- How to Have a Healthier Brain
- What Happens When You Lose Weight?
- The 5 Most Effective Daily Weight Loss Habits
- 7 Plants For More Omega-3 Fatty Acids
- Rope Skipping Forms Your Whole Body
- Best Exercises to Tone Your Thighs
- Alli Fat loss new approved weight loss pill
- Recipes low in fat for your low calorie needs
- Our Relationship to Foods
- Foods Rich in Iodine
- Ketogenic Diet
- Vitamin E Rich Foods
- Great Sources of Simple Carbohydrate Foods
- Excellent Sources of Complex Carbohydrates
- Reduce weight slowly
- See More Articles
How to Eat Slow to Lose WeightDid you know that eating slow is one of the best ways to lose weight? Studies have proven that eating slow not only helps you to eat less, but it also helps your stomach digest the food you are eating. It gives your brain time to produce the hormones that signal you are satiated before you are actually FULL, helping you to stop yourself from overeating. Researchers at the Nagoya University in Japan found that eating quickly among middle age men and women often leads to obesity.
Problems with Eating Quickly
What happens when you eat too quickly? Here are a few downsides of stuffing your face:
- Indigestion -- Eating too fast can overwhelm your digestive system, slowing down your body's natural absorption rate. A lot more food goes to waste when you eat a lot too quickly.
- Social distraction -- If you're focused entirely on your food, those around you may feel uncomfortable or like they're less important to you than your meal. When you finish faster than everyone else, it can interrupt the flow of conversation and make things awkward.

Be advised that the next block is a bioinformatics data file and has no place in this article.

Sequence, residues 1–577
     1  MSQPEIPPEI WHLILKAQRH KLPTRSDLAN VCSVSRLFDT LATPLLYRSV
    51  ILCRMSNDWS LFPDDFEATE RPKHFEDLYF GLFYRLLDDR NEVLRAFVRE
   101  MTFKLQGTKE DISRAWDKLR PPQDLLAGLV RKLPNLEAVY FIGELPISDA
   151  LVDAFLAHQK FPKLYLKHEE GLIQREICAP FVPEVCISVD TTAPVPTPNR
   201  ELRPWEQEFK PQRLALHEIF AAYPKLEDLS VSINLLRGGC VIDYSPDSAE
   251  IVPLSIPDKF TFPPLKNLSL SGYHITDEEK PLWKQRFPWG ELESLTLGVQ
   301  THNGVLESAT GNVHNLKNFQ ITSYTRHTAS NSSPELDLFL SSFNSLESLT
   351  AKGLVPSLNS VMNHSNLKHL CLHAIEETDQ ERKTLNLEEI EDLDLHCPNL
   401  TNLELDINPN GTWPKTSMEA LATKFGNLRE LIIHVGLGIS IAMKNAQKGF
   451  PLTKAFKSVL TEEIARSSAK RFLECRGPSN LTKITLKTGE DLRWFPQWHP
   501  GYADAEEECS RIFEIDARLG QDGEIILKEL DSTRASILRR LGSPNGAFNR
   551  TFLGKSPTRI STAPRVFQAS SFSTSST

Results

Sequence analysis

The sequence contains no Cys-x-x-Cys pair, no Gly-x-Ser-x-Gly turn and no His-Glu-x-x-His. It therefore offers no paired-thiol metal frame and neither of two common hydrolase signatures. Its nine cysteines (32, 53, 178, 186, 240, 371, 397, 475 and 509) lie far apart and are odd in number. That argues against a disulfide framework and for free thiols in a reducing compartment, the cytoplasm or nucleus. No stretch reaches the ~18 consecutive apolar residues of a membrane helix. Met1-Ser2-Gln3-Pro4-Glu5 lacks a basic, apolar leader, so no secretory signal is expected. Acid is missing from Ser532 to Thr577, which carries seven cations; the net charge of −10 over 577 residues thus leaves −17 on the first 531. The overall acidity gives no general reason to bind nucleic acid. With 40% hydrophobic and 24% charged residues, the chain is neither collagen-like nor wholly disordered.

- Overeating -- This is the primary problem facing most people who eat too quickly. You end up eating easily 25% more than you would if you ate slow, because your brain doesn't have time to release satiety hormones until after you've gone well past your recommended calorie intake.
Tips for Eating More SlowlyHere are a few slow eating tips to help you slow down your pace:
- Shrink those bites -- Instead of taking massive forkfuls of food at once, take smaller bites. Cut up your food, or use a smaller spoon if you have to. Make sure to chew every mouthful well before swallowing. Don't just "inhale" your food.
- Focus on eating -- One of the worst things you can do is watch TV or read a book while you eat. This distracts you from your food, making you more likely to overeat. When eating, turn off the TV and put down your book.
- Enjoy the conversation -- You're eating at a table with other people, so why not try to engage them a bit more? Talk about the day, their interests, and anything else you can think of. The more interesting the conversation, the less likely you are to overeat.
- Put your fork down -- Want to make sure you eat at a slower pace? Make it a habit to set your fork down between each bite, and only pick it up once you've swallowed. It will slow down your eating speed by a few seconds per bite, which will add up over the course of the meal.
- Savor the food -- Don't stuff it into your mouth while it's still hot, but let it cool down just enough for you to enjoy the flavor as well as the heat. Savor each bite, tasting all of the flavors involved in making the food as delicious as it is. The more you enjoy the food, the less likely you are to gobble it down.
- Mix it up -- Try new foods, and give your tastebuds a chance to find new combinations that you enjoy. Add more spicy foods to your diet, and throw in a few hot sauces. The unfamiliar flavors will arouse your curiosity, making it easier to eat slower so you can savor every bite.
- Schedule the meals -- Don't rush through the breakfast, lunch, or dinner, but give yourself time to eat. Schedule your meals at a time when you can sit and enjoy. Eat before you feel hungry, and you'll be less likely to overeat.